African-Americans have been systematically mistreated and unequally viewed by society. From first contact, social stigma and power relations subjugated the race to extremely harsh living conditions. This systematic mistreatment of African-Americans continued for over 300 years, until they operationalized political movements and used their independent and unique agency to overcome the hardships. Two outstanding examples of these social and political uprisings are the Civil Rights Movement and the Harlem Renaissance.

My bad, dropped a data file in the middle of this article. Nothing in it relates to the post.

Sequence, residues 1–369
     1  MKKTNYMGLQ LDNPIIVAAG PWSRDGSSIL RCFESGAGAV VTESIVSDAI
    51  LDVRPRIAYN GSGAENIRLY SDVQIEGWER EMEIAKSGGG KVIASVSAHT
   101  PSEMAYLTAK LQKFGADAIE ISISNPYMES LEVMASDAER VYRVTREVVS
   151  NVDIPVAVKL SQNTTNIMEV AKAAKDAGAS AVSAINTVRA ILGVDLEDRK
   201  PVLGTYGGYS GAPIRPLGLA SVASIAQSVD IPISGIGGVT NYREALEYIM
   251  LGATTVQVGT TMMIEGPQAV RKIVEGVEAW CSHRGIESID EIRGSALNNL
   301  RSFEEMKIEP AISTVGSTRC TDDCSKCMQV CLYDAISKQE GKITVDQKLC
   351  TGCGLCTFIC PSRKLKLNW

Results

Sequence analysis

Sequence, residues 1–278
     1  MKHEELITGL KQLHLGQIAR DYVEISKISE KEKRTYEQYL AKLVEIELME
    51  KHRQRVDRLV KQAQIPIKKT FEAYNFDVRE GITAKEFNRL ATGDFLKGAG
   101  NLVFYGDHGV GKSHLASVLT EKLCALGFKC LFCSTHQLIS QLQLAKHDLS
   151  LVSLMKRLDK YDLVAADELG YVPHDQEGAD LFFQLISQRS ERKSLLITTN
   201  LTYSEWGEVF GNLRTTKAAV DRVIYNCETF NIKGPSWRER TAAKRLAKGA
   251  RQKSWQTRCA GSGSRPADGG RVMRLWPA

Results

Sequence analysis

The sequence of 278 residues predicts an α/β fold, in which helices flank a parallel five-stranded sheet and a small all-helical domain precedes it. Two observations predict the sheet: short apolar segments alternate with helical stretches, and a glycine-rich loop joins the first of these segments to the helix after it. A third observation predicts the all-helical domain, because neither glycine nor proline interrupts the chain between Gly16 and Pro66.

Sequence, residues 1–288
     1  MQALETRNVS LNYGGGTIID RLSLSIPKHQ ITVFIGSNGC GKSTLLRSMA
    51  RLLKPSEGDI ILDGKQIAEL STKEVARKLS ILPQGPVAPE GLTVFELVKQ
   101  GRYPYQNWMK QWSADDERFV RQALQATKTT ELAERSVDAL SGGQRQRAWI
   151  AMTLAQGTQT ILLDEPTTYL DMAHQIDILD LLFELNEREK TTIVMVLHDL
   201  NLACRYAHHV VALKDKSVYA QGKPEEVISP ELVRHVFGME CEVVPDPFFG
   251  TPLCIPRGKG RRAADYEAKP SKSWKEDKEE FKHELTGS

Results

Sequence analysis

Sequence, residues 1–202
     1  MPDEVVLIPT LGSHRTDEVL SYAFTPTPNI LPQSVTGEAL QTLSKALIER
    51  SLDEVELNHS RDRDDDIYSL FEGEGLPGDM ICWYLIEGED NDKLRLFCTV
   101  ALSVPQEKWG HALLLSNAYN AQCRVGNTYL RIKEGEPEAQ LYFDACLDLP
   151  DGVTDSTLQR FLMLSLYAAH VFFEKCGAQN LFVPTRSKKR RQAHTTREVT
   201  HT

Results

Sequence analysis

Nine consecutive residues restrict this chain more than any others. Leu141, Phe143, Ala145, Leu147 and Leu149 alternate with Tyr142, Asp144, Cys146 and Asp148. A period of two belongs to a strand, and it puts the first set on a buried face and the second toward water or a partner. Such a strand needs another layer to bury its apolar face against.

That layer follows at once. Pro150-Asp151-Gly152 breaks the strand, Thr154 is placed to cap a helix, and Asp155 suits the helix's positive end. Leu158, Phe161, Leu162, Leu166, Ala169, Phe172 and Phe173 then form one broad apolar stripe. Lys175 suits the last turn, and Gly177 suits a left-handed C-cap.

The Civil Rights Movement was characterized by a multitude of political and social movements around the world that were aimed at making racial discrimination against African-Americans illegal. The main stipulation was due to the lack of voting rights and the ability to evoke the rights of most other citizens. The Civil Rights Act of 1964 was the culmination of many different happenings throughout the time period. Figures such as Martin Luther King Jr., Huey Newton, and Bobby Seale lead the way and spearheaded a movement that had gained a lot of political momentum. Events such as the desegregation of schools in Brown vs. Board of Education and the Montgomery Bus Boycott with Rosa Parks established a social movement against the previously accepted and followed standards of society. The social uproar caused by the mobilization of local communities coming together and adopting a platform to create and implement large-scale social movements against the racist policies of white civil society was an example of mass action was used to politicize the injustices that were incurred by African-Americans. Due to the large inefficiencies and problems caused by the plethora of boycotts, and other versions of civil resistance and disobedience, the political entities in charge had to change the policies in order to avoid and solve many of the social issues that were caused due to the non-violent protests. The Civil Rights